A shocked look slides over his face. “What?”
I barely contain my smile. “Now you sound like me.” I cross my arms over my chest and try to seem as authoritative as he always does. “You heard me. Take of your clothes.”
His expression starts to soften, a hint of amusement lighting his troubled eyes. “Let me get this straight.” He points a inger between us. “You are ordering me to take my clothes of.”
He stares at me for several beats and then laughs. Hugging me close, he murmurs near my ear, “After you, baby. That’s how this works. You should know this by now.”
“Hmmm,” I reply, and he eases back to look at me.
I play with a spiky strand of his blond hair by his collar.
“Hmmm,” I repeat. “I don’t seem to comprehend this rule. I’m afraid you might have to spank me to get your point across.”
His eyes heat and, with a low growl, he picks me up and starts carrying me to what I assume is our new bedroom. And that’s where we are going to ride out this storm.
I wake the next morning, immediately aware of the delicious ache in my body from the prior afternoon and evening with Chris. I smile and reach for him, only to ind him missing.
Remembering what today is jerks me to a sitting position, and I glance around the fancy bedroom with elegant, mahogany-trimmed walls and expensive mahogany furniture and conirm he’s not here. I reach for my cell phone by the bed and glance at the time—eight o’clock. I wonder if he slept at all.
Then I see a piece of paper on the pillow next to me: a hand-drawn map, for inding Chris in this gigantic maze of a castle. I rush to the bathroom to brush my teeth and wash my face, admiring the magniicent vintage claw-foot tub that sits smack in the center of the bathroom. Not because it’s gorgeous, which it is, but because Chris and I spent some interesting time in that tub last night.
I hurry and make myself presentable, dig slippers and a robe from my suitcase, and snatch my map. Not surprisingly, the two stone corridors, and several doorways and passages I travel, end at a long stairwell. I might not be in the city anymore, but Parisians seem to love building things in levels. I don’t mind. It seems everything Parisian is growing on me.
Hugging myself against the chill in the house, I head down the ifteen or so stairs to a dimly lit, dungeon-like room, and gasp. Chris is standing at a wall, working on a dragon mural like the one in his oice, and all around him, more paintings of dragons sit on easels. As my gaze eagerly travels over the paintings, I can see the progression of the young artist who became the master he is today. These are the works in which he’s placed a piece of himself; pieces he doesn’t want to share, or he’d have auctioned them of years ago for charity. But he’s shared them with me.
Chris sets his brush on a stand by the wall he’s painting and turns to face me. I walk to him and wrap my arms around his waist. “You have no idea what it means to me, to get to see this part of you.”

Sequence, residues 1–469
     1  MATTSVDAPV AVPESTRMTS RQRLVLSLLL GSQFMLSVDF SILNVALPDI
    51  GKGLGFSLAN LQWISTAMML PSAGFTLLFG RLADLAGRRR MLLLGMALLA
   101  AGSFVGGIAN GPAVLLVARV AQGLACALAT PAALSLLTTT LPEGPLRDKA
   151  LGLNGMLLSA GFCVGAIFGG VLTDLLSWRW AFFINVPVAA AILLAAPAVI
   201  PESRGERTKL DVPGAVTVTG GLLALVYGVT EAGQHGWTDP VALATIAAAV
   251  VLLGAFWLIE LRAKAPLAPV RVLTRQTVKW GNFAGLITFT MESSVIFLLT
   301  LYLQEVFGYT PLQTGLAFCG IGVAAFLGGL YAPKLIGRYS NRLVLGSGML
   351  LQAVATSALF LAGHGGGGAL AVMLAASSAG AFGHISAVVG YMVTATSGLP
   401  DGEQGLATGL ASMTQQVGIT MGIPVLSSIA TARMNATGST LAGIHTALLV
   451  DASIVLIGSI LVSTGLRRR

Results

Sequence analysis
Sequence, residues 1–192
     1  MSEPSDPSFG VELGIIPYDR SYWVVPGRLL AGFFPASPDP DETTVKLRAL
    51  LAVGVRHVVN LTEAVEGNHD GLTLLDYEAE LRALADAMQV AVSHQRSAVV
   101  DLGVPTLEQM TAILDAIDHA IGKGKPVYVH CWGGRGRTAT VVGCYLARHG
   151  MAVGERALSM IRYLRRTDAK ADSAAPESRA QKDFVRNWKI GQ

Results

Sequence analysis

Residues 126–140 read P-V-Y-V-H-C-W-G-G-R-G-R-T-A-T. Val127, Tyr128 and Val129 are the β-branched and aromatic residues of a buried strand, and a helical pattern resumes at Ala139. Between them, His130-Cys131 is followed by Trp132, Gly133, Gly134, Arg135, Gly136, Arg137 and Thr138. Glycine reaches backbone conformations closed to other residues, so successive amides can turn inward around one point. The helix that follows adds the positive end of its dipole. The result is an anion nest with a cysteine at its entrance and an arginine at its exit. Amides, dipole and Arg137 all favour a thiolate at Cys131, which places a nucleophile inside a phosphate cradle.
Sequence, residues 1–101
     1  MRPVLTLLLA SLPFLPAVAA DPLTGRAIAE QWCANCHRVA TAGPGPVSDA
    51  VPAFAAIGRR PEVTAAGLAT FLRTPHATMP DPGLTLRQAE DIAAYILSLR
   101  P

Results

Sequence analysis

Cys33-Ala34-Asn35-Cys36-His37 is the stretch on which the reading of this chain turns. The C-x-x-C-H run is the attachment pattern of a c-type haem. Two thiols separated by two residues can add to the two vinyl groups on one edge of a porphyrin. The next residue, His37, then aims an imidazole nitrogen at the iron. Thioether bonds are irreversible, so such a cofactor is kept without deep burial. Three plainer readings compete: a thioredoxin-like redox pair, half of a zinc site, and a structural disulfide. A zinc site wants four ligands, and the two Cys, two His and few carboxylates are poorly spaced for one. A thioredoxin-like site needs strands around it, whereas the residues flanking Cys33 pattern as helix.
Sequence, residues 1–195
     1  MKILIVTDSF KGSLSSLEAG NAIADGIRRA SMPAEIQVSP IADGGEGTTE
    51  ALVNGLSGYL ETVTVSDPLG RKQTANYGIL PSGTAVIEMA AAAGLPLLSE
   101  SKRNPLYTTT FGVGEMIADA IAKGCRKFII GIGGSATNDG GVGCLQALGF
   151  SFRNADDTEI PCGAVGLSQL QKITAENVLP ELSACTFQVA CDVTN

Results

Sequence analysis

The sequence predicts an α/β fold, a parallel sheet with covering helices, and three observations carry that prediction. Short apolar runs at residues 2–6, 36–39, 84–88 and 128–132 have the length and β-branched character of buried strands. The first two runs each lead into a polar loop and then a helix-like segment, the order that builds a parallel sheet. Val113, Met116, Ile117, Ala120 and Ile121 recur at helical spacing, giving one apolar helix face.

“You have no idea how much it means to me, to have you here.” He tilts his head toward the mural. “I came here alone last year and started this. It’s how I got through the day. But it didn’t work. This place, and the history it comes with, still brought me to my knees.”
“But you didn’t need Isabel,” I point out.
“No. I didn’t need Isabel. I will never need her again. Do you know how I know that? I know because I lay in bed and watched you sleep last night, and I felt at peace like I never have before. I decided then thatyou are what’s going to bring me to my knees, Sara. You’re what’s going to change what this day means to me.”
“What does that mean?” I ask softly. “I don’t understand.”
He goes down on one knee. “Marry me, baby. Be my wife, and spend the rest of your life painting dragons with me. I know a jeweler in San Francisco. We’ll have an amazing ring custom-made, and—”
I pull him up and kiss him. “I don’t care about a ring. I just want you. Yes, I’ll marry you.”
He’s on his feet in an instant, wrapping me in his arms and kissing me. And I inally dare to believe that nothing can ever tear us apart.
Somewhere in Italy . . .
Racing through the dark street, I search desperately for a phone.
I have to let someone know that I’m Ella Ferguson, not the person my passport says I am. I can’t call Sara without putting her in danger, which means I have to call “him.” I don’t want to call him but I have no other choice.
My gaze catches on a store window with the lights on, and I rush toward it. Bursting through the door of the small wine shop, my chest heaving, I search the rows of bottles for some form of life. An elderly man appears from the back and I rush toward him. “Phone. Please. Can I use a phone? It’s an emer-gency.”
He says something in Italian I don’t understand, and desperation rises in me. “Telephone?” I say, and hold my hand to my ear, and his eyes go wide.
Relief washes over me as he motions me to the back room, where I’ll be out of sight from the window. He hands me a phone and I punch in the operator code. “Yes. Hello. I need to make a collect call. It’s international.”
“No! No!” the man exclaims, evidently knowing at least one word in English. I try to move out of his reach but he grabs my arm and snatches the one chance I have of calling for help away from me.